(1862 - 1929)
Artists in the late nineteenth century, particularly those Americans who studied in Europe, absorbed a broad spectrum of stylistic influences, and many became accomplished at painting in varying modes. Robert Reid’s career is indicative of this phenomenon, as he is known for producing both academic-style murals as well as Impressionist-style easel paintings.
From 1880 to 1884, Reid studied at the Boston Museum School under the German painter Emil Otto Grundmann (1844–1890), who was a product of the art academy in Düsseldorf. Reid then continued his traditional academic art education at Paris’s Académie Julian. He painted in the summers at Etaples in Normandy, and traveled extensively in Italy during the late 1880s before returning to the United States in 1889.
Reid settled in New York, and beginning in the early 1890s, he executed a number of architectural mural paintings on commission. He was closely associated with the architect Stanford White, who engaged him in 1890 to decorate his Imperial Hotel in New York City. Other prestigious commissions followed in quick succession. Murals for the Chicago World’s Columbian Exposition (1893), the Library of Congress (ca. 1896–97), and the State House in Boston (1901), all demonstrate the influence of Reid’s academic training in Paris, and his mastery of the Beaux-Arts tradition of the American Renaissance. (1) Reid received yet another major commission in 1915, when he painted murals for the domes in the Fine Arts Building at the Panama-Pacific Exposition in San Francisco.
Simultaneously, Reid was exhibiting easel paintings in an Impressionist manner, and critics in the early 1890s grouped him with the American practitioners of the French style. (2) He joined and exhibited with the Impressionist group The Ten in 1898. Reid’s Impressionist canvases feature close-up views of elegant women, sometimes in contemporary dress but more often in attire that suggests no particular period. Floral and decorative attributes unite figure and background, creating a suggestion of sinuous movement. Reid characteristically used pale colors, allowing one tone to dominate in a composition.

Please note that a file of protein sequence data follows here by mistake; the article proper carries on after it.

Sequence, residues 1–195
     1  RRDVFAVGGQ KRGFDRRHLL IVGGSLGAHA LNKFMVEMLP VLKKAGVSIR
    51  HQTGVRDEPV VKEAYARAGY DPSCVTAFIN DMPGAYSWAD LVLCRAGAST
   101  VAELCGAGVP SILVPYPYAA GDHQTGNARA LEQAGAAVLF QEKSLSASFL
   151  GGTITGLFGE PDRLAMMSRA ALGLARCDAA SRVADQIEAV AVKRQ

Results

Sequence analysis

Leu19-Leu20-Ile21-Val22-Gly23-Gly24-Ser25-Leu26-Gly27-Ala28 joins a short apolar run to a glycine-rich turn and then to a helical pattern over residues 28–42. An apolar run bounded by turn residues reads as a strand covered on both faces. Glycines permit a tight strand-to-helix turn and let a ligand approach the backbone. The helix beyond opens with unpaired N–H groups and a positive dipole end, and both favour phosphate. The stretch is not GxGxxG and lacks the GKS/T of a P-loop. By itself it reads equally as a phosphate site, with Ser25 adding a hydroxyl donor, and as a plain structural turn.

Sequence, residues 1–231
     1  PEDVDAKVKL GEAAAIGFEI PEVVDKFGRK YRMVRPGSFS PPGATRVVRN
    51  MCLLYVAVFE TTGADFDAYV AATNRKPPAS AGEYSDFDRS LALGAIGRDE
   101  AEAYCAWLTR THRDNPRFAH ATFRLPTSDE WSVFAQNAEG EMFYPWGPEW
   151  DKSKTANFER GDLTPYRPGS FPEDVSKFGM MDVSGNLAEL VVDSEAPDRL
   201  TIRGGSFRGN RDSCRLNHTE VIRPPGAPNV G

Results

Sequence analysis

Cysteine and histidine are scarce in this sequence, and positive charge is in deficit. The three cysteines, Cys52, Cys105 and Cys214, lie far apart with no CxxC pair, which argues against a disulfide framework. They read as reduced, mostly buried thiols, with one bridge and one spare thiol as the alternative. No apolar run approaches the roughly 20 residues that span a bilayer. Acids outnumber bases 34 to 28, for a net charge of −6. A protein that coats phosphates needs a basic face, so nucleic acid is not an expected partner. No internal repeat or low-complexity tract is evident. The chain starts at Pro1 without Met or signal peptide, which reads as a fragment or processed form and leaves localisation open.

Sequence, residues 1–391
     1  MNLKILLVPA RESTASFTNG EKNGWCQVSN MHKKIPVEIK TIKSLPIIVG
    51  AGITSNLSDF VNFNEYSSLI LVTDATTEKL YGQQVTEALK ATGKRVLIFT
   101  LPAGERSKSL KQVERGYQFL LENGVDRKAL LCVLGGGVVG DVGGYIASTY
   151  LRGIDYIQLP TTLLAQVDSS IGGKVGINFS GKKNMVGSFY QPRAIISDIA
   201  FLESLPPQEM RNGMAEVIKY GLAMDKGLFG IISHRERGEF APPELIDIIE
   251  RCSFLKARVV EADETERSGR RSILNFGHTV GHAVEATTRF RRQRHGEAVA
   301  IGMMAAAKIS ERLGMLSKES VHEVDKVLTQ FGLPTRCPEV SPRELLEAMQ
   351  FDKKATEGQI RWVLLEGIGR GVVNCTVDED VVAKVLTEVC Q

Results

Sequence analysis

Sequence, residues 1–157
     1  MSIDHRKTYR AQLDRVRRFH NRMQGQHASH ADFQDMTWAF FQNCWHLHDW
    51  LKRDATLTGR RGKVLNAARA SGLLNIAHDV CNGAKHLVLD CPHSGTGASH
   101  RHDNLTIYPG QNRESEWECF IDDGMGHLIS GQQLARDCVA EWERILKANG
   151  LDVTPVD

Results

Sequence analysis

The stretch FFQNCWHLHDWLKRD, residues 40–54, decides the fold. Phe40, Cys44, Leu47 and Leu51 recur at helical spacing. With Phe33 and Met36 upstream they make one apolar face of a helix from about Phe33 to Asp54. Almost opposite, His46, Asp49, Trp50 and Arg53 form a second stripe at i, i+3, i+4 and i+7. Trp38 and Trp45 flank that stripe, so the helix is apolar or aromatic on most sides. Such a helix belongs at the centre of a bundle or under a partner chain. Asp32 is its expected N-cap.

(1) Reid executed murals for the North Corridor of the Great Hall on the second floor of the Thomas Jefferson Building of the Library of Congress. On the ceiling, he painted representations of the Five Senses—Taste, Sight, Smell, and Hearing and Touch. He painted circular murals on the walls depicting Wisdom, Understanding, Knowledge and Philosophy. See http://www.loc.gov/jefftour/secondfloor.html,
accessed 1 September 2005, for more information and a reproduction of Wisdom.
(2) William H. Gerdts, "American Impressionism" (New York: Abbeville Publishers, 1984), p. 182.
American Paintings from the Montgomery Museum of Fine Arts, 2006, cat. no. 42, p. 116.